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2022 Founders Fellowship 

The 2022 recipient was Joseph Dweck, a law student at University of the District of Columbia David A. Clarke School of Law. 

Personal Essay on Summer Fellowship with the Mother’s Outreach Network.

When I first sought out to begin my summer fellowship with Mother’s Outreach Network (MON), I was unsure of what to expect. I had already had experience working with families and children, and sought to create a greater lasting impact in their lives through my work, but I had yet to have the opportunity to aid those families in a legal setting. During my experience with MON, I was not only able to learn what the practice of law can look like first hand, but immediately had the opportunity to make lasting and impactful changes in the lives of people I was committed to working with. 

Mother’s Outreach Network is a racial justice and antipoverty organization that supports Black mothers in advancing Black family preservation, economic security, and racial justice by transforming government income and child welfare laws, policies, and practices from punitive to empowering. I was originally drawn to MON due to its pre-petition and family defense work. With a background in childcare for over 10 years, I had enrolled in law school to be able to further positively impact the lives of the children I work with. Through their work with Black families and mothers in the district, MON and my own missions aligned. MON seeks to achieve their mission in a number of ways through tax clinics, direct client representation, policy advocacy initiatives, petition drives, guaranteed income studies, and raising awareness about peoples rights related to the DC Child and Family Services Agency (DC CFSA).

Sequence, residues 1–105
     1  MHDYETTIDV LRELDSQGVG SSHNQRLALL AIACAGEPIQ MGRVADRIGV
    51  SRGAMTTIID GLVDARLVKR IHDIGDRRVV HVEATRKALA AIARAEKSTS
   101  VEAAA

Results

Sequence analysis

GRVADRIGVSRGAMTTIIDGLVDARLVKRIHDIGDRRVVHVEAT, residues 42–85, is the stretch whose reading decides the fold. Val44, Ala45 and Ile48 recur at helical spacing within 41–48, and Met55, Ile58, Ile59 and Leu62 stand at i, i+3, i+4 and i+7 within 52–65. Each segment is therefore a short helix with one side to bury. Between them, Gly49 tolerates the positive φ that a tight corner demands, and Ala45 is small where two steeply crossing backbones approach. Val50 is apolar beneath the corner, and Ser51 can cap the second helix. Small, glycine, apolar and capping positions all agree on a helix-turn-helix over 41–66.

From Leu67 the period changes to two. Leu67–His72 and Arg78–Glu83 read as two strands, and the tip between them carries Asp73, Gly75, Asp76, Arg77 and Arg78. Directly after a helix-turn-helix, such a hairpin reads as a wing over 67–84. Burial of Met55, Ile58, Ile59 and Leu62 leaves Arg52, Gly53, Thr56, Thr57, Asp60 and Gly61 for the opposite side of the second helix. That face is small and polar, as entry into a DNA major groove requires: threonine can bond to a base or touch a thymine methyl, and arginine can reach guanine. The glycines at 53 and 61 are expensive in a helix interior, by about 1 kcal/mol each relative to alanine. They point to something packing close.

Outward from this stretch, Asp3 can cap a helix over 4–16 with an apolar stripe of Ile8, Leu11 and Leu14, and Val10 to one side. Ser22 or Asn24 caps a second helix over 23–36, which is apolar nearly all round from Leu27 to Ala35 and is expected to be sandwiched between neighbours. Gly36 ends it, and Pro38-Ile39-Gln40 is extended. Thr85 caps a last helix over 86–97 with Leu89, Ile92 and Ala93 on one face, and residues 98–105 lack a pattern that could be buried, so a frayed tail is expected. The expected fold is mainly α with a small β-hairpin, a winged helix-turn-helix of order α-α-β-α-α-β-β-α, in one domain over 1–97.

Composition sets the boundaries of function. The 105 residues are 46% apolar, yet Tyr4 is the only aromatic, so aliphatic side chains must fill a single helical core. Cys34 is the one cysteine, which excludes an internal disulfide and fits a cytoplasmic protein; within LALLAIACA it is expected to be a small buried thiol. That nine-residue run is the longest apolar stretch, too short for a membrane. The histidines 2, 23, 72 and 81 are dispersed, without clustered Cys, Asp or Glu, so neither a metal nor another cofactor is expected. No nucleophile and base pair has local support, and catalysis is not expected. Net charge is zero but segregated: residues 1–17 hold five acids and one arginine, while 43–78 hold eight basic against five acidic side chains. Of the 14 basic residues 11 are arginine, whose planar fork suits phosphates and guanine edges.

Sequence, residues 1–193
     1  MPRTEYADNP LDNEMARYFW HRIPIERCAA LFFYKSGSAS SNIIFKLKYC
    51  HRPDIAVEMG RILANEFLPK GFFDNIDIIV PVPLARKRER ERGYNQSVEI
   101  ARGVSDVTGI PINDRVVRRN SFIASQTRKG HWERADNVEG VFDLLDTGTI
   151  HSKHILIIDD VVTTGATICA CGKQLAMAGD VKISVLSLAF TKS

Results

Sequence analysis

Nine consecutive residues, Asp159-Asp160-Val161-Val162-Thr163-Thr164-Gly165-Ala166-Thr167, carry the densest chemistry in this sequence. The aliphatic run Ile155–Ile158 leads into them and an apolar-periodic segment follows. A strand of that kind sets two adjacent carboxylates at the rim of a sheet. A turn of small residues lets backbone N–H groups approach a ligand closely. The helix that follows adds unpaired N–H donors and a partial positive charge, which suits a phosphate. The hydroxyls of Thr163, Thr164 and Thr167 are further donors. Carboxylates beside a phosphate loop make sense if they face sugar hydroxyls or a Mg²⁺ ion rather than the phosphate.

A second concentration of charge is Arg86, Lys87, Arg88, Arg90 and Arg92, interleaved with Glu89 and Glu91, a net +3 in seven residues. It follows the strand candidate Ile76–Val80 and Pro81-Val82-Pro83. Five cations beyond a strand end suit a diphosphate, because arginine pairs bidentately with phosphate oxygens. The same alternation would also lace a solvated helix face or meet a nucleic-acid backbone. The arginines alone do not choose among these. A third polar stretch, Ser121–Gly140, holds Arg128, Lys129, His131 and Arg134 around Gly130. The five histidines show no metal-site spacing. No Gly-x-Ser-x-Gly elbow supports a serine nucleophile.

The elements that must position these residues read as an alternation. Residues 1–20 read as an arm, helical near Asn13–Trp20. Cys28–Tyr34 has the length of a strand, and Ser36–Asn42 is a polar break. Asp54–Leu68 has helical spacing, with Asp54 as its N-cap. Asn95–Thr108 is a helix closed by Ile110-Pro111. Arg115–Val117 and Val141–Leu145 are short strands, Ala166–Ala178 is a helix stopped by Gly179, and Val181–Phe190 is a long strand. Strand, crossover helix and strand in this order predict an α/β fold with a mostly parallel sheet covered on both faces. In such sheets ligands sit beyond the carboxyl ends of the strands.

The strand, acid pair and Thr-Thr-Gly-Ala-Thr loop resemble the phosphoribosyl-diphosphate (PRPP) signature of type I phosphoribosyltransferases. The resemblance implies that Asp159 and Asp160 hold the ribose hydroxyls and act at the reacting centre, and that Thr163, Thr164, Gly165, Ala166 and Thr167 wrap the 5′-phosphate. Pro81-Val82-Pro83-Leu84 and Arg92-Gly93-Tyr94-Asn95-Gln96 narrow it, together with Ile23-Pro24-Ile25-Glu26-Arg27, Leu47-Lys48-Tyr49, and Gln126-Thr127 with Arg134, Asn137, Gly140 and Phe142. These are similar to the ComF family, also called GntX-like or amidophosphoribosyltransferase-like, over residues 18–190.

My work during my time with MON was as multifaceted as their approach as an organization is. My long-term projects consisted of seeing a housing conditions case through from its inception until a formal complaint was filed in court. In addition to that, I also worked closely with Diane Redleaf and Let Grow, who partnered with MON, in an effort to aid their legal research and policy project on Neglect and Lack of Supervision laws throughout the country. I was specifically tasked with researching relevant Virginia case law in order to identify positive language we could use to show the Virginia General Assembly that current statutes need updating. The need for updates coming from the understating that in their current form certain statues have more adverse effects on the lives of the families who come up against them. The last of my long-term projects with MON, consisted of my assisting with their Get CTC Tax Clinic. The clinic’s main aim was to provide guidance and legal aid to those families who had not yet received their 2021 Child Tax Credit, stimulus checks, and other tax incentives they would qualify for. My time in the clinic may have been some of the most impactful and eye-opening work done while with MON. It not only allowed me to help breakdown barriers for families who would not have been able to acquire their deserved funds otherwise, but also showed me how much of a difference the work I was doing had made in their lives by helping create that access for them. Going into the summer, I certainly did not expect Policy and Tax work to be some of the most enjoyable aspects of my time with MON, but I find myself thankful for the experience to be able to work on those projects.